Flashback to Auto Industry Here in Its Early Days

YOUNGSTOWN, Ohio – There’s no doubt that the Wick family found success in the steel industry. But the early industrialists almost made their way into a second business that’s had just as large an impact on the Mahoning Valley: automobiles.

In 1902, Henry and Hugh B. Wick commissioned a prototype car, dubbed “The Blue Goose. Considered to be one of the most expensive cars in the country at the time – it’s reported to have cost $15,000 or just shy of $500,000 today – the bright blue car featured a 30-horsepower engine and a top speed of 40 miles per hour.

“It was an enormous car, very well appointed. The Wicks were a wealthy family and at that time, cars were thought of as things for upper middle class and rich people,” said author Vince Guerreri at the Mahoning Valley Historical Society’s Bites & Bits of History lunch last week. “They shopped it around but never put it into production. It was sold to Stearns, a Cleveland manufacturer and it’s whereabouts are unknown.”

According to the Public Library of Youngstown & Mahoning County, the Cleveland automaker bought the car for $765 in 1904.

But that wasn’t the first foray into the automotive industry in the Youngstown area. A few years earlier, in 1895, Dr. Carlos Booth combined materials from  Fredonia Carriage and Manufacturing Co., based at the corner of Market and Front streets downtown, and Pierce-Crouch Engine Co. in New Brighton, Pa., to build the first car in Youngstown.

“They just put the engine into the carriage and he used to get around and make house calls,” Guerreri said.

In 1906, The Vindicator reported in an article titled “Doctor C.C. Booth and his pioneer auto”  that Booth stopped using the car because it “made a commotion among the horses.”

Beyond just necessity, the automotive industry in the area was also born out of entrepreneurial spirit. After purchasing a car from Winton Motor Carriage Co. in Cleveland, James Packard drove it back to Youngstown. Except, he didn’t make it all the way back before it broke down.

“He had a lot of problems with it,” Guerreri said. “He corresponded with the company at length to the point they got annoyed and essentially said, ‘If you think can build a better car, why don’t you?’ ”

Vince Guerreri shares his insights at the Tyler History Center.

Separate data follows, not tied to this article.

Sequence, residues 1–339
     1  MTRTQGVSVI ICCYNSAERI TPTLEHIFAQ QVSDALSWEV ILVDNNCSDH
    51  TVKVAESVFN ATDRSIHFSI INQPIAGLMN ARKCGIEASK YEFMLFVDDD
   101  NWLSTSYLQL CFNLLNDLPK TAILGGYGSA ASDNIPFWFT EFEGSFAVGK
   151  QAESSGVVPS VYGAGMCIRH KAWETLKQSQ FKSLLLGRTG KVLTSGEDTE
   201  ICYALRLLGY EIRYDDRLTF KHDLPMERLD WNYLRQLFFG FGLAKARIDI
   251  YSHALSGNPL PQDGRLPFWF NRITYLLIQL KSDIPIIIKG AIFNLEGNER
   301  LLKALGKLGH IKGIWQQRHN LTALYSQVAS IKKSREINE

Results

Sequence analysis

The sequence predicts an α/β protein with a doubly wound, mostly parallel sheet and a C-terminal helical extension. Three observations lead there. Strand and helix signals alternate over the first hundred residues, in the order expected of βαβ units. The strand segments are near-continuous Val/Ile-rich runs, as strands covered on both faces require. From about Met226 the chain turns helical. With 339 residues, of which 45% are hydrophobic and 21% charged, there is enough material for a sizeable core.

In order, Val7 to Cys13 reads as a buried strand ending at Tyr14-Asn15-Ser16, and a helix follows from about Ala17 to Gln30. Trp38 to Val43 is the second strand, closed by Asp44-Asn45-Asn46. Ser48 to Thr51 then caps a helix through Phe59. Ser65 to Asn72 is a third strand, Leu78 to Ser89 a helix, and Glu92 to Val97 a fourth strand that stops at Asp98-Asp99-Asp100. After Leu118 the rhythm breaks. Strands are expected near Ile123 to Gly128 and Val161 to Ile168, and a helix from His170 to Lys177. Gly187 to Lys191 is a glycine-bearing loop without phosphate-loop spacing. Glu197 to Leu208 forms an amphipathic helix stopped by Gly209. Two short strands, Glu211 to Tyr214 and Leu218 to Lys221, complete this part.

Thus was born Packard Motor Car Co. in 1899. Initially, the company built cars at the plant Packard and his brother owned – Packard Electric – but eventually relocated the car-building operation out of the area in 1902.

“The problem they ran into was a lack of space to expand their operations and a lack of capital,” Guerreri said. “They took on other investors and the company ultimately moved to Detroit, which even then was the center of the auto industry.”

That wouldn’t the last connection between Detroit and the Mahoning Valley. Of course, the General Motors Lordstown Complex opened in 1965, initially producing four Chevrolet models: the Caprice, Bel Air, Biscayne and Impala. But one particular model made its way into one of the most popular TV shows of the 21st century.

In 2013, “Mad Men” featured an episode where advertising firm Sterling Cooper Draper Pryce mentions working on a secret project for General Motors, the XP-897.

“t was the Chevy Vega, which was one of the great flops in American auto history. They made the Vega in Lordstown and it was beset by many, many problems,” Guerreri said.

“There were problems with labor relations when they were making it because the assembly line had to move so quickly. There was eventually a wildcat strike,” he continued. “They made 2 million of them. Motor Trend named it the Car of the Year in its first year and they later said they want to take that one back because it’s a lemon for all-time.”

Pictured above: Henry and Hugh B. Wick commissioned the building of an upscale car in 1902. Dubbed “The Blue Goose,” it cost $15,000 to build at the time. Photo courtesy Public Library of Youngstown & Mahoning County.

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